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Journal of Ophthalmology
Volume 2016 (2016), Article ID 4176547, 5 pages
Research Article

An Automated Detection System for Microaneurysms That Is Effective across Different Racial Groups

1Moorfields Eye Hospital NHS Foundation Trust, London, UK
2Department of Computing, Faculty of Engineering, University of Surrey, Guildford, UK
3National Institute for Health Research Biomedical Research Centre, Moorfields Eye Hospital NHS Foundation Trust and UCL Institute of Ophthalmology, London, UK
4Barking, Havering and Redbridge University Hospitals Trust, London, UK
5Statistics Department, Faculty of Sciences, King Abdulaziz University, Jeddah, Saudi Arabia
6Institute of Ophthalmology, UCL, London, UK

Received 22 March 2016; Revised 28 June 2016; Accepted 10 July 2016

Academic Editor: Neil Lagali

Copyright © 2016 George Michael Saleh et al. This is an open access article distributed under the Creative Commons Attribution License, which permits unrestricted use, distribution, and reproduction in any medium, provided the original work is properly cited.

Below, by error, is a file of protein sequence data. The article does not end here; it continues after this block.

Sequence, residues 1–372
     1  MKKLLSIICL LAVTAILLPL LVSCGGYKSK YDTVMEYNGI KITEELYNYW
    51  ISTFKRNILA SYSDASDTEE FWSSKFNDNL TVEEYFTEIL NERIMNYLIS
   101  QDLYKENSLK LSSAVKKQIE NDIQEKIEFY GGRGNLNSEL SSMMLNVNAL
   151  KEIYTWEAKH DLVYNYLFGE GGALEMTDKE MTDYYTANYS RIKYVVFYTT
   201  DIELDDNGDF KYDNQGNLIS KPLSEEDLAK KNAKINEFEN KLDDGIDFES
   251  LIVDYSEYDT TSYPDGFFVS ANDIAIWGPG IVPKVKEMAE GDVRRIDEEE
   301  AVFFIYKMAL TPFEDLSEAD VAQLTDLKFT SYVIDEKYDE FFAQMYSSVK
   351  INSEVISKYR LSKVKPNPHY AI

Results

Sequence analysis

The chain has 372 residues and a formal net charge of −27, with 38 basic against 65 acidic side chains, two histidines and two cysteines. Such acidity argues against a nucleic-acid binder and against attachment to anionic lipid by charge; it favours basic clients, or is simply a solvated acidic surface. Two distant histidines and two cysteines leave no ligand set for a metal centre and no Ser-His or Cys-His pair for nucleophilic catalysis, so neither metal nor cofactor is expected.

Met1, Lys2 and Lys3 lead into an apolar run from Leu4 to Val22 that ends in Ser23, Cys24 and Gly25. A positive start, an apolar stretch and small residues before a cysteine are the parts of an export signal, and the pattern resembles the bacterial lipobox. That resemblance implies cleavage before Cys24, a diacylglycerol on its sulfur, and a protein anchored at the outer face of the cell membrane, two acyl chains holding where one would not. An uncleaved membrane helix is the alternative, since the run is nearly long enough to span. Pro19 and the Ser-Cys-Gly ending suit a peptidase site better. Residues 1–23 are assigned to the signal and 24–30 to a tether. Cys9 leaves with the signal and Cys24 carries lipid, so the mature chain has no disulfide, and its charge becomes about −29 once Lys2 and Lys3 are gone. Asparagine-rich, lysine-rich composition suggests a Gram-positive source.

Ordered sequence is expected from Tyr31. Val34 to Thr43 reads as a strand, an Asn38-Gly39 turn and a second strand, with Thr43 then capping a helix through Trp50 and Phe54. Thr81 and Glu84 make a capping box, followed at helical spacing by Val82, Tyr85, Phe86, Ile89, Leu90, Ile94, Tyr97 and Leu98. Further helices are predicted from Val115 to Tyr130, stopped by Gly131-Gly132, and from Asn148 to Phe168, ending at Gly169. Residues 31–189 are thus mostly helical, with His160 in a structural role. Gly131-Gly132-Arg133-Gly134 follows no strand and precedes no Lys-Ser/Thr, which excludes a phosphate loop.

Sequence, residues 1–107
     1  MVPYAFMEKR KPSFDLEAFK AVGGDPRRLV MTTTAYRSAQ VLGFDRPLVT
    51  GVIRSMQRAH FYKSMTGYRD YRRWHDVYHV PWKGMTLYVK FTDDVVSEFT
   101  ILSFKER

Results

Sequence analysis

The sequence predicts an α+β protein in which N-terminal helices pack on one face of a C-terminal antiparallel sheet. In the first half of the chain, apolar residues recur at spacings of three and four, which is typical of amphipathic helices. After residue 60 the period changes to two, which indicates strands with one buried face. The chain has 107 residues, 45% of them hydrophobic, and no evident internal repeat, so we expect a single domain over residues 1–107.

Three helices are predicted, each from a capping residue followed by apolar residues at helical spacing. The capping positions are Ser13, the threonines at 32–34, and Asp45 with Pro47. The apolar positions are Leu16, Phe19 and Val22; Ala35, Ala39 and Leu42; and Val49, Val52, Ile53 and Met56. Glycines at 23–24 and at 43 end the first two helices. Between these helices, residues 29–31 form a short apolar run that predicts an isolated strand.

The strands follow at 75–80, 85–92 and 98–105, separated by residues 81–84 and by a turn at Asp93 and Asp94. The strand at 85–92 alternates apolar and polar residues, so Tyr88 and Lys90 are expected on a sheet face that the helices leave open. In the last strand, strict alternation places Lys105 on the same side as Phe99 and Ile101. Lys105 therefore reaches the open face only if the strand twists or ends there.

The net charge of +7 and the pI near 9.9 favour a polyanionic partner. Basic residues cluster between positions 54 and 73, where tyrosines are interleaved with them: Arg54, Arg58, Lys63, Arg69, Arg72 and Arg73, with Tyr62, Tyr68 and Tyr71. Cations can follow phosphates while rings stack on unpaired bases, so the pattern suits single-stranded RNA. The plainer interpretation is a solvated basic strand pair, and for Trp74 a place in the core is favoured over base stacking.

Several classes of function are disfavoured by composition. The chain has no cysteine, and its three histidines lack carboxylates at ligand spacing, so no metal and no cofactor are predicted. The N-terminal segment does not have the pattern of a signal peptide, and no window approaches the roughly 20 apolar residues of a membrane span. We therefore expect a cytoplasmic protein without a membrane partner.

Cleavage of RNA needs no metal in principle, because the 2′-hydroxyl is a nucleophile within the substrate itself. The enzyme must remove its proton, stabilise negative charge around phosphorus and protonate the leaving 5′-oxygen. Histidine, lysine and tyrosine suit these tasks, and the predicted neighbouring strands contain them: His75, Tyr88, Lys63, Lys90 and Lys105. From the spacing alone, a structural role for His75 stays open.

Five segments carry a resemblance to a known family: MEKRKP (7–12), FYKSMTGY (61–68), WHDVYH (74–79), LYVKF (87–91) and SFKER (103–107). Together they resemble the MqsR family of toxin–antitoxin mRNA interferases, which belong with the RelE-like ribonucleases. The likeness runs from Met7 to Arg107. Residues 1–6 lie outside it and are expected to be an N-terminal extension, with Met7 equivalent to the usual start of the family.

Patients without diabetic retinopathy (DR) represent a large proportion of the caseload seen by the DR screening service so reliable recognition of the absence of DR in digital fundus images (DFIs) is a prime focus of automated DR screening research. We investigate the use of a novel automated DR detection algorithm to assess retinal DFIs for absence of DR. A retrospective, masked, and controlled image-based study was undertaken. 17,850 DFIs of patients from six different countries were assessed for DR by the automated system and by human graders. The system’s performance was compared across DFIs from the different countries/racial groups. The sensitivities for detection of DR by the automated system were Kenya 92.8%, Botswana 90.1%, Norway 93.5%, Mongolia 91.3%, China 91.9%, and UK 90.1%. The specificities were Kenya 82.7%, Botswana 83.2%, Norway 81.3%, Mongolia 82.5%, China 83.0%, and UK 79%. There was little variability in the calculated sensitivities and specificities across the six different countries involved in the study. These data suggest the possible scalability of an automated DR detection platform that enables rapid identification of patients without DR across a wide range of races.